A bipartisan group of more than 140 of some of California's most powerful women -- including lawmakers, lobbyists and consultants -- are calling out pervasive sexual harassment in politics and across all industries, penning a public letter with one simple message: Enough.
The letter comes a week after revelations that one of Hollywood's most powerful men, Harvey Weinstein, had sexually harassed or abused dozens of women over decades in the movie business -- and as thousands of women are sharing their stories of abuse and harassment on social media, with a simple statement: "Me, too."
But Sacramento lobbyist Samantha Corbin, who helped coordinate the letter, said the issue had been percolating at the Capitol long before the Weinstein controversy broke.
"It elevated conversations that already happened under the radar between women colleagues and friends for years," said Corbin.
"It's a pretty regular thing in Sacramento," she added. "A lot of us are fed up with power dynamics that are not on our side."
Corbin said she and fellow organizers contacted more than 500 women about signing the letter. She noted that many, while supportive, expressed concerns about retaliations by their bosses if they spoke out. She noted that of the women who originally signed the letter, only five are staffers at the Capitol.
"It’s a power dynamic that's difficult even for female lawmakers," Corbin said. "Even for women in the Legislature, men often control fundraising, your ability to get bills passed -- even women at the highest levels feel that they’re not insulated" from retaliation.
She stressed that many men at the Capitol have reached out to ask what they can do to help. But Corbin noted, some men are oblivious to sexual harassment, even when it happens right in front of them.
"They don’t know what it looks like or how to intervene," Corbin said. "Some of them don't even see what’s happening with their own colleagues."
The women leaders write that "millions of Americans were shocked" to learn of Weinstein's behavior.
"We were not. This same kind of inappropriate, sexually harassing behavior cuts across every industry and facet of our society. No matter a woman’s age, weight, religion, sexual orientation, race, social status, or position of power, she is not insulated from this behavior. It is pervasive," they wrote.
The letter goes on to detail the ways in which all of the letters' signatories have endured or witnessed "some form of dehumanizing behavior by men with power in our workplaces."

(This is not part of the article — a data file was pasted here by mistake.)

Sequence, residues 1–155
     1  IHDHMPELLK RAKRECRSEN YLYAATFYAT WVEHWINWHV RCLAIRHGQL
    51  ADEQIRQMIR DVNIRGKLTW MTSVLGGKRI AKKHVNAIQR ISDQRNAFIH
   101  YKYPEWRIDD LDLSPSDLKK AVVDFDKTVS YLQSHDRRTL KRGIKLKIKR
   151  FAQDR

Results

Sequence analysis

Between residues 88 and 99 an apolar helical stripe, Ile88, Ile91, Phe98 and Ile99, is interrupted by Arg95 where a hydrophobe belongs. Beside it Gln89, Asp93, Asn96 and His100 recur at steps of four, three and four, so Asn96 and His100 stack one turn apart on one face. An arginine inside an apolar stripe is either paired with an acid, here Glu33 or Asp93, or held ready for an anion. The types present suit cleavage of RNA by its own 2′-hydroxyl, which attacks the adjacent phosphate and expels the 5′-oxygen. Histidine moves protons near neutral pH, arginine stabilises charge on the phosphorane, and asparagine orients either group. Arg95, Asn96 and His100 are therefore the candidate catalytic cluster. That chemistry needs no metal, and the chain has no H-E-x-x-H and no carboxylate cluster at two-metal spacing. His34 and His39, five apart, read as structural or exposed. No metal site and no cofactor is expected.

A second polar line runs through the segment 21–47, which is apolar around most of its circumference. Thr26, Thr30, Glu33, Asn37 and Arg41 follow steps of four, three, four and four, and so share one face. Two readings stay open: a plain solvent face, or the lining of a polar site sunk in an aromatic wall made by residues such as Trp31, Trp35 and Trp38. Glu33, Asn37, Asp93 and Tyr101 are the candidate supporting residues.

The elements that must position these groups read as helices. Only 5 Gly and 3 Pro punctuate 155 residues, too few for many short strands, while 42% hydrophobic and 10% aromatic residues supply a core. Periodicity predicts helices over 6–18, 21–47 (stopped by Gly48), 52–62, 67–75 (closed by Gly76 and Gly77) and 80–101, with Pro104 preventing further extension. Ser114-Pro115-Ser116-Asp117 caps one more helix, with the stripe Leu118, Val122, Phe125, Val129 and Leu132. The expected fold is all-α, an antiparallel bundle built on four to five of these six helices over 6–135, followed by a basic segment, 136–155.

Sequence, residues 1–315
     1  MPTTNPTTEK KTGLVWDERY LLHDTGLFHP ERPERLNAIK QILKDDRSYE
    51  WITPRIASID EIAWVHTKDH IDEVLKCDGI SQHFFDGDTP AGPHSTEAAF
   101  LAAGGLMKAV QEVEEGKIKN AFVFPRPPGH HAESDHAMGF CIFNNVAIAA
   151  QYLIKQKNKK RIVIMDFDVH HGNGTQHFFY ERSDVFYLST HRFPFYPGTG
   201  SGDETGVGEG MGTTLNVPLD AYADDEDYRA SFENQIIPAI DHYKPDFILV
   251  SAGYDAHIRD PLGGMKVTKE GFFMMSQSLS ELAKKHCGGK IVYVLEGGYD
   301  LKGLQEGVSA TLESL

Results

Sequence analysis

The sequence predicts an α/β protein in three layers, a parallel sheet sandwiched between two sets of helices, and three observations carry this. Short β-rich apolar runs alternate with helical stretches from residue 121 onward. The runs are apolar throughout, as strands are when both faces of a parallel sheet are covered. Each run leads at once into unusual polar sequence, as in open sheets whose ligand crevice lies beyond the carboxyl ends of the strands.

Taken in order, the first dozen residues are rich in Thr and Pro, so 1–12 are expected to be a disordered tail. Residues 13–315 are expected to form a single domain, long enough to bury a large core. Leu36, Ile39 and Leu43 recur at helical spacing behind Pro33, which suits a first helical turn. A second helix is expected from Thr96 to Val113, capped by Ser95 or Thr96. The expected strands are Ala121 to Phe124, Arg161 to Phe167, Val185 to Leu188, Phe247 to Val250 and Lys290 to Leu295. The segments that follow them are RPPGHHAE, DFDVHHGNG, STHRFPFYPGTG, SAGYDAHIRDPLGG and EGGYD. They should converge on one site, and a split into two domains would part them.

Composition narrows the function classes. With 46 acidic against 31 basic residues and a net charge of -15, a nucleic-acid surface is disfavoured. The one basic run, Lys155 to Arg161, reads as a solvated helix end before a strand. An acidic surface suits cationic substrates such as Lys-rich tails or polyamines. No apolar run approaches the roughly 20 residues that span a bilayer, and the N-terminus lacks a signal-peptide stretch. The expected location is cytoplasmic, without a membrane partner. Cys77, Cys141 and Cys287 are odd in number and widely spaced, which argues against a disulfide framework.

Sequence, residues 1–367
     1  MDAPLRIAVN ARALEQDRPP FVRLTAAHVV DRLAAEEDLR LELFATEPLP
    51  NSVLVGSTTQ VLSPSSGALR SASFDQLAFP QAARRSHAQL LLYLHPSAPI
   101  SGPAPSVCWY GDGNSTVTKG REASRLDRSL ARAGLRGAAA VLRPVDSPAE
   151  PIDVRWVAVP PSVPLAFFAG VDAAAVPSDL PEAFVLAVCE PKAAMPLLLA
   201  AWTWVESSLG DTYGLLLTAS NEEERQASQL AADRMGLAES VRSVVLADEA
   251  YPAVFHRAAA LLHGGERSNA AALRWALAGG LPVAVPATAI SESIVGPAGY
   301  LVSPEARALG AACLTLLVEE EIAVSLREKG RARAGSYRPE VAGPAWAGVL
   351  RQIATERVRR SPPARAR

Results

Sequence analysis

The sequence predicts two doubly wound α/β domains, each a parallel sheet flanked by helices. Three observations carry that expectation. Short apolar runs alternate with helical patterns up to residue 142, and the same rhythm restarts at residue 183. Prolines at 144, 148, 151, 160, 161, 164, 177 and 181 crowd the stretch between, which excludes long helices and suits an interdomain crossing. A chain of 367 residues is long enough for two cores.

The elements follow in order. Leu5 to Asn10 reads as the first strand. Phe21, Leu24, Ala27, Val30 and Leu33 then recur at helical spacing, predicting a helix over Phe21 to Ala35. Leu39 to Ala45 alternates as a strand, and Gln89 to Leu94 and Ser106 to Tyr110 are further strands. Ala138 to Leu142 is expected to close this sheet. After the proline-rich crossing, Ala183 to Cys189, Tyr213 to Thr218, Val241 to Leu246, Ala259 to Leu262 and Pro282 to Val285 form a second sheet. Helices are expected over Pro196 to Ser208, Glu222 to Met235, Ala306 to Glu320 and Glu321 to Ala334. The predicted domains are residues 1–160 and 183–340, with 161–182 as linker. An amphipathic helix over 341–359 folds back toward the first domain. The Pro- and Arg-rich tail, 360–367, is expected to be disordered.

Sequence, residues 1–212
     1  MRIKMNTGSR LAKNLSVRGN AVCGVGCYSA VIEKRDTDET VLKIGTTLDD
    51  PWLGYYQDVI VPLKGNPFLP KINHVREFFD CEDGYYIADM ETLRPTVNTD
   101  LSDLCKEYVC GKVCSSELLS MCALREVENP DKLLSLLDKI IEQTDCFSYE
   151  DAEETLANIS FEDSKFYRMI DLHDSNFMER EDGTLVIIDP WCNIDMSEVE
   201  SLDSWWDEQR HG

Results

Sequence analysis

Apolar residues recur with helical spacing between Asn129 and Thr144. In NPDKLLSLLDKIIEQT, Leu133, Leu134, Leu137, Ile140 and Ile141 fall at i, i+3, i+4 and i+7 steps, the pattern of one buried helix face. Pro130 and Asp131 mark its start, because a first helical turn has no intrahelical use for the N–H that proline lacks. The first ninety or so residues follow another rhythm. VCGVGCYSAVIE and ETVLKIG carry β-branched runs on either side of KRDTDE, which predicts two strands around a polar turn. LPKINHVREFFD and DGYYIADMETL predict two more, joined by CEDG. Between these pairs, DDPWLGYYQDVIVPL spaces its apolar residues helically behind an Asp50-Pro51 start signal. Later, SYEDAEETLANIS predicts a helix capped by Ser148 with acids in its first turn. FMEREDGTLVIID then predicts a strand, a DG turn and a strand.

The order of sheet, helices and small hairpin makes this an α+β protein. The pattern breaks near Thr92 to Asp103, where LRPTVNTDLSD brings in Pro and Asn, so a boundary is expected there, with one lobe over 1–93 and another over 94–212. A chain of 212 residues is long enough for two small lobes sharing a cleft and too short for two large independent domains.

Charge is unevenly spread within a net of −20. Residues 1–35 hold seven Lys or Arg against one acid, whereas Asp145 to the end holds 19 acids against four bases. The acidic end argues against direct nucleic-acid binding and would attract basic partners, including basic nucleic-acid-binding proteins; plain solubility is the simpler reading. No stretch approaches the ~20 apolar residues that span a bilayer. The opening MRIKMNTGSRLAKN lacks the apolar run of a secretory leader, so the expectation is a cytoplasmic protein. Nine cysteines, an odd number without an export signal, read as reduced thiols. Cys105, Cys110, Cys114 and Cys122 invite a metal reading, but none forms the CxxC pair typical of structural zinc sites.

Their list is long and explicit: Groping. Touching. Inappropriate comments about bodies and abilities. Insults and sexual innuendo, frequently disguised as jokes. Promises and threats.
"They have leveraged their power and positions to treat us however they would like," the group wrote, noting that they didn't speak up before out of fear, out of shame.
"Often these men hold our professional fates in their hands. They are bosses, gatekeepers, and contacts. Our relationships with them are crucial to our personal success," they wrote. "We don’t want to jeopardize our future, make waves, or be labeled 'crazy,' 'troublemaker,' or 'asking for it.' Worse, we’re afraid when we speak up that no one will believe us, or we will be blacklisted."
The signatories include Democrats and Republicans; dozens of lawmakers and other elected officials; lobbyists, political consultants; party leaders. In short, pretty much every sector of California's political world.
They are asking other women to come forward, and have launched a website to collect stories and support one another. And they are demanding that men support them.
"We’re done with this," the letter states. "Each of us who signed this op-ed will no longer tolerate the perpetrators or enablers who do. What now? It’s time for women to speak up and share their stories. We also need the good men, and there are many, to believe us, have our backs, and speak up. Until more women hold positions of power, our future is literally dependent on men. It’s time."
Corbin noted that while some legislators are notorious for their behavior toward women, organizers decided against naming names.
"Even if we had a list of the five worst offenders, it wouldn't do anything," she said. "There's more than five. It’s systemic."